This book explores Georg Lukács' writings on film. The Hungarian Marxist critic Georg Lukács is primarily known as a literary theorist, but he also wrote extensively on the cinema. These writings have remained little known in the English-speaking world because the great majority of them have never actually been translated into English until now. This book contains the most important writings and the translations. This book thus makes a decisive contribution to understandings of Lukács within the field of film studies, and, in doing so, also challenges many existing preconceptions concerning his theoretical position. For example, whilst Lukács' literary theory is well known for its repudiation of naturalism, in his writings on film Lukács appears to advance a theory and practice of film that can best be described as naturalist. Lukácsian film theory and cinema is divided into two parts. In part one, Lukács' writings on film are explored, and placed within relevant historical and intellectual contexts, whilst part two consists of the essays themselves.
This book embraces studies of cinematic realism and nineteenth-century tradition; the realist film theories of Lukács, Grierson, Bazin and Kracauer; and the relationship of realist film theory to the general field of film theory and philosophy. It attempts a rigorous and systematic application of realist film theory to the analysis of particular films, suggesting new ways forward for a new series of studies in cinematic realism, and for a new form of film theory based on realism. The book stresses the importance of the question of realism both in film studies and in contemporary life.
This chapter explores the early aesthetic of Georg Lukács. It discusses the factors that influenced Lukács' conception of modernity: romantic anti-capitalism and Hungarian culture and society. The chapter provides a more conditional delineation of the early aesthetic as a prelude to a more substantive analysis of Luk'cs' first engagement with film theory in his ‘Thoughts Towards an Aesthetic of the Cinema’/‘Gedanken zu einer Ästhetic des Kino’ (1911/1913).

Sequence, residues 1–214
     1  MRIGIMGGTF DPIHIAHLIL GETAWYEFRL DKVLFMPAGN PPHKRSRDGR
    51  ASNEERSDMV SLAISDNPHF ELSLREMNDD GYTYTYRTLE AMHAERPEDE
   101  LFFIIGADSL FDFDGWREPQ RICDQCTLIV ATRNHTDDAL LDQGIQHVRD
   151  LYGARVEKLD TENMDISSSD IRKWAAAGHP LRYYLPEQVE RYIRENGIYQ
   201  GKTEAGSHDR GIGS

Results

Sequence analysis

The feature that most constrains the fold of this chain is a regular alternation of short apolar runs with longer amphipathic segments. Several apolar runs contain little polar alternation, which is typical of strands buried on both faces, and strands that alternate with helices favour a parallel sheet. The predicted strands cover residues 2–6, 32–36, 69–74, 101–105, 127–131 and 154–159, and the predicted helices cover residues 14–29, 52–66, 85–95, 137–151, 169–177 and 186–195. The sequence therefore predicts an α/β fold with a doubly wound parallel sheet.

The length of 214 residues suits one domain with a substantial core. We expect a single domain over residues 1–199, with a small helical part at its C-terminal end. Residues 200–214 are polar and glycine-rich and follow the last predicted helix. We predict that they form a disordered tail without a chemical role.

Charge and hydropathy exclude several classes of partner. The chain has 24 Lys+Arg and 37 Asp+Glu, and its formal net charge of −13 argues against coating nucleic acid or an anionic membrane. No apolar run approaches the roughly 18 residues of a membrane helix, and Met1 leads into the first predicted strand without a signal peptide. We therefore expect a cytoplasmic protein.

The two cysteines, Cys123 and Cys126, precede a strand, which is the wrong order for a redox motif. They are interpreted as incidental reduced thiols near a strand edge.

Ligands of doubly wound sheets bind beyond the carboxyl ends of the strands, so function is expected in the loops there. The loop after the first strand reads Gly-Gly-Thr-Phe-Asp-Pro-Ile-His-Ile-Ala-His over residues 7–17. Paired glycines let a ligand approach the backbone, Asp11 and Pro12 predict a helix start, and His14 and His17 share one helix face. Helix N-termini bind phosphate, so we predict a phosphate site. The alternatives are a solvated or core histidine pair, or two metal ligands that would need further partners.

This chapter explores the continuities and discontinuities that exist between Georg Lukács' early aesthetic of the middle period (1908–16 period). It first presents an outline of Lukács' political involvement and writings from 1918 to 1957. The chapter then argues that the writings of the Lukács' middle period seek to establish an aesthetic typology which has a starting point that is instituted within The Theory of the Novel.
The Specificity of the Aesthetic/Die Eigenart des Ästhetischen
The bulk of Georg Lukács' major writings over the 1931–63 period were concerned with questions of literary criticism or political philosophy. This chapter focuses on The Specificity of the Aesthetic (1963), which marks the return of Lukáacs to the questions of abstract philosophy and high aesthetic theory, as well as his reengagement with issues relating to film.
This chapter discusses the political commentaries of Georg Lukács on the subject of socialist renewal. Lukács argued for the establishment of a humanist-socialist society within the existing communist system in Eastern Europe and the Soviet Union. His work, Toward the Ontology of Social Being (1971–73) marks his revisionist philosophical attempt to return to the classical roots of Marxism.
Georg Lukács' writings on film during the final period of his career consist of impromptu responses to questions put during interviews. This chapter explores the themes within these writings: ideological manipulation, technical reason, shock, resistance to manipulation from the ground up, form and content, authorship, expression of thought in film, and totality.
This chapter discusses Lukács' position on modernism and realism. During the 1950s, Lukács was a leading figure in the Leninist opposition to Stalin. He consistently opposed Stalinism and campaigned for the democratisation of existing communism. The chapter also discusses the reconstructed model of Lukácsian cinematic realism.
This chapter compares the aesthetics of cinema and the theatre. Cinema is a new and cheaper competitor to the theatre. It also could eventually come to replace theatre as a result of the technology employed in cinema and a better performance of the actors, as opposed to the theatre, which is dependent upon the inconsistency of accessible performers, and performance. The chapter, however, presents an argument concerning the absence of the ‘present’ being-here of the actors and states that they merely have movements but no ‘souls’.
This chapter discusses film production and explores certain principal questions of film art. It considers the relationship between film and technology and examines the aesthetic problems related to the cinematic imagery present in silent films.